A neatly trimmed vineyard costs time, labour, diesel, tractor wear and tear, etc to keep mowing your vineyard. Seeding a mix of pretty flowers (example pictured: Kunde Vineyards in California) to encourage beneficial bugs to move in. Bonus points if you use varieties with yellow or white stamens and are low growing; This will encourage the 5 wasps that prey on LBA Moth and Vine moth. Low flowers will allow air flow, causing less frost issues.

Glyphosate, aka Roundup – it kills… too well

Glyphosate, aka Roundup™, is great for weeds, but kills things too well. It kills micro fungi and is a great bactericide, killing off the good bacteria [6], hence blocking nutrients entering the roots of the vine. By using Roundup™ under vine, nutrients can be restricted from entering the plant from the soil, so the majority of nutrients will need to be added through a foliar spray [7]. If you do need to use Glyphosate, spray it out with concentrated Vinegar or citric acid to get the PH to 2.5. as it works much more effectively, so you can reduce your use by 10 times. Add Humic Acid or Fulvic acid, and it will help break down the residue faster.

Nutrient uptake

The most important thing about being an organic grape grower is making sure there is plenty of nutrients for your vines. Trace minerals help keep the vine strong, so pests and disease have less impact. Healthier plants well supplied with minerals can make all the flavour producing substances they need, increasing your chances of producing a great wine.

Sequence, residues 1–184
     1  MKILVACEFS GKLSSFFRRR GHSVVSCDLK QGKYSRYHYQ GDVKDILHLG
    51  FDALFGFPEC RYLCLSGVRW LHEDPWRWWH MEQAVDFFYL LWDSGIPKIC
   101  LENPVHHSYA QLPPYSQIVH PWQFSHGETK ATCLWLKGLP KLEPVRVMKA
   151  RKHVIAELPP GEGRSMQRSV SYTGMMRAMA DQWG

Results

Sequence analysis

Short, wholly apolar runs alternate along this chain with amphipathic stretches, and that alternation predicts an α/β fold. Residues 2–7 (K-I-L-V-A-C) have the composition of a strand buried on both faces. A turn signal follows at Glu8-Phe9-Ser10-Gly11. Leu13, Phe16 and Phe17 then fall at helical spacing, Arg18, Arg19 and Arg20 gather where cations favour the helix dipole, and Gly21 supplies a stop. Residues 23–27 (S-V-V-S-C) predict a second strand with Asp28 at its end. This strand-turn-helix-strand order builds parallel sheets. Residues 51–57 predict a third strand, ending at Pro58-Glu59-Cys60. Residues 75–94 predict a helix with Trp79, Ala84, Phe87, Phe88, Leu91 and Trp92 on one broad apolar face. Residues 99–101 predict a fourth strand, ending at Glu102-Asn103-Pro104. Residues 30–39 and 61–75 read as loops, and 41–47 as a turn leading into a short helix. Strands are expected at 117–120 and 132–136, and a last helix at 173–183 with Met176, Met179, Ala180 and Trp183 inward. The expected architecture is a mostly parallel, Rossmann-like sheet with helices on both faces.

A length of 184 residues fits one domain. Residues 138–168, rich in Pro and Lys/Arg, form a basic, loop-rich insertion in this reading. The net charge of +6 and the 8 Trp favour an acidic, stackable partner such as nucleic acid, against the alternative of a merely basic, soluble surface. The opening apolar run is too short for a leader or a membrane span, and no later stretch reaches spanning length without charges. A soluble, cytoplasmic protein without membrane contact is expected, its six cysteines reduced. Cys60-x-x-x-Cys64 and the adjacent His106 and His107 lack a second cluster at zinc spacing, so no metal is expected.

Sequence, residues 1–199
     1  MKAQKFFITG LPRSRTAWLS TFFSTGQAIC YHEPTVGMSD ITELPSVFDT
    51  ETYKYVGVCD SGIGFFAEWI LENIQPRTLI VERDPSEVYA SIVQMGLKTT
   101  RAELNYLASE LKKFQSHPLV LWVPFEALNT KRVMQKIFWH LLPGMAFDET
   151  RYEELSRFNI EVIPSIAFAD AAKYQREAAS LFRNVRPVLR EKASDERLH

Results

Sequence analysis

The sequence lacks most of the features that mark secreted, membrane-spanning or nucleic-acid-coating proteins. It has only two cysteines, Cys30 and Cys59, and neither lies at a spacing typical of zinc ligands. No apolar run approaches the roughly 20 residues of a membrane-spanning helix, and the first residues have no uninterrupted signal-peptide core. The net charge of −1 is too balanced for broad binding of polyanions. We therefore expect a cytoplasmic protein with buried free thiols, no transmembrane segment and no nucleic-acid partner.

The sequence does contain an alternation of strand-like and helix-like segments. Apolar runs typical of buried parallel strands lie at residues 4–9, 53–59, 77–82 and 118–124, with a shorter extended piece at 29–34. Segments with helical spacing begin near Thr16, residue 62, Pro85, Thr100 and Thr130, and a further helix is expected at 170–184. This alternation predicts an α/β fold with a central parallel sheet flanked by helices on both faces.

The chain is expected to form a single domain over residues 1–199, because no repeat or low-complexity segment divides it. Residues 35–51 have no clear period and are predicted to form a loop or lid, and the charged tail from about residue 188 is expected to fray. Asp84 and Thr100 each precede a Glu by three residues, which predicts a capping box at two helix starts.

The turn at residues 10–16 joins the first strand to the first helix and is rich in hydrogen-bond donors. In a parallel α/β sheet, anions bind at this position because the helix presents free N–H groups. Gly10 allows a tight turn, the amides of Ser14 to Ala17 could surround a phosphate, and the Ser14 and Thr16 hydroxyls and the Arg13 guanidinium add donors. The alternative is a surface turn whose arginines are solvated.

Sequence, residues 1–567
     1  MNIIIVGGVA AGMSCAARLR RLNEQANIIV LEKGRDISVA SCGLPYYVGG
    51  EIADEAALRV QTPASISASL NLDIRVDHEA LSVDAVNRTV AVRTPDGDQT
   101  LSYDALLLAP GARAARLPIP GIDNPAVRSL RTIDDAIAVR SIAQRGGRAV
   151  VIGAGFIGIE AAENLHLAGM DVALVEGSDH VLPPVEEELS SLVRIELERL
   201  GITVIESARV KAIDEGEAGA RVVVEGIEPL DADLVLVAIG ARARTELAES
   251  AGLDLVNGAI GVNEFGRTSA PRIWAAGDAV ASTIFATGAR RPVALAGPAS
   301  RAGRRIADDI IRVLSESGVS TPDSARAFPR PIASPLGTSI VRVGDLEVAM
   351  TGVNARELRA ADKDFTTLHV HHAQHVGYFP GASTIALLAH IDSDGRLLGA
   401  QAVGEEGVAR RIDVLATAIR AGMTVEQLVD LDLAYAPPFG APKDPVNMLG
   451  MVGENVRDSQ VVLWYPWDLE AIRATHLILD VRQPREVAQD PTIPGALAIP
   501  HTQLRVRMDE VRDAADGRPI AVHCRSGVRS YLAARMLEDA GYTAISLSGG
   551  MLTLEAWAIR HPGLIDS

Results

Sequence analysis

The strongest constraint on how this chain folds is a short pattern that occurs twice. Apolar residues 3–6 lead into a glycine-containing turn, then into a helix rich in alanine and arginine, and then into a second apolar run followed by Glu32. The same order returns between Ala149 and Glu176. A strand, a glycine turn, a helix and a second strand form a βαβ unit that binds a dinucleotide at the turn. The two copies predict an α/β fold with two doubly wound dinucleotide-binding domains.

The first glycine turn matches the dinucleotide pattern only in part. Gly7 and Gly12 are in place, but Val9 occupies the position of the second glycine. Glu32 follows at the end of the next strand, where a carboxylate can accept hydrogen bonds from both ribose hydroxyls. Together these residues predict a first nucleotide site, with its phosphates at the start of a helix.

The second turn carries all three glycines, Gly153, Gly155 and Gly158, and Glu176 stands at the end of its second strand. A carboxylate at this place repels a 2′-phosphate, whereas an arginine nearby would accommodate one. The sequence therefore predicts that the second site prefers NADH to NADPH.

Soluble silicon sprays

These help plants deal with stress [8], inhibit powdery mildew development, and reduce micronutrient toxicity from copper when sprayed on grape leaves [9] and through fertigation [10].

Mineral ratios – magnesium to calcium

I had my soil tested by Nutri-Tech Solutions to get an in-depth look at its minerals, and their ratios. If you have heavy clay soil, you might need 7:1 Cal:Mag, sandy soil the reverse, with – 3:1 Mag:Cal ratio [11].


Nutri-Tech’s Graeme Sait says it best:

“When comparing thousands of soil tests to associated leaf tests, over many years, I noted that whenever we achieved equal parts per million of magnesium and potassium (1:1 ratios), we increased the uptake of both minerals into the leaf. Not only did we maximise uptake of these minerals, but there was also an associated positive impact upon the uptake of phosphorus.” [12]

Soil PH of 6.4

Nutrient uptake is pH-dependent. An ideal soil pH of 6.4 ensures maximum nutrient uptake. A number of experts have openly stated that they have never seen a crop with pest & disease pressure when the soil has been at 6.4ph. Below 6.4 PH will have fungal pressure. The fascinating reason is explained by Head of the Department of Agriculture at Eastern Washington University, Bruce Tanio:

“At the ideal of 6.4, the hydrogen content of plant fluids is approximately 12%. If you calculate out all of the frequencies attributed to each element – add up their individual frequencies – you’ll come to the ideal frequency of a living plant. If there is more than 12% hydrogen and the plant sap is acidic, it will mean that you have displaced one of those elements and usually it turns out to be calcium or potassium. This displacement alters the vibratory frequency of that plant. So this is how I got into the pH concept in the first place.” [13]